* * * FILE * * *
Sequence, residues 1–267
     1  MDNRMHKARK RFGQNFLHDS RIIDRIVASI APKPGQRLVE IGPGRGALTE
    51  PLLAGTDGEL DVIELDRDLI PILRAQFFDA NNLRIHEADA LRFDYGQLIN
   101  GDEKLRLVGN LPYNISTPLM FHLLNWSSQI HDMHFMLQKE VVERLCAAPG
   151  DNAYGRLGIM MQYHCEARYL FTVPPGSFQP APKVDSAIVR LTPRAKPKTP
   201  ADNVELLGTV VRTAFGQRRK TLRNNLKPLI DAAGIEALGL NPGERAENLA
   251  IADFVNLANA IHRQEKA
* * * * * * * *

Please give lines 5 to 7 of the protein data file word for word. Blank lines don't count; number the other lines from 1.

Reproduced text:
   151  DNAYGRLGIM MQYHCEARYL FTVPPGSFQP APKVDSAIVR LTPRAKPKTP
   201  ADNVELLGTV VRTAFGQRRK TLRNNLKPLI DAAGIEALGL NPGERAENLA
   251  IADFVNLANA IHRQEKA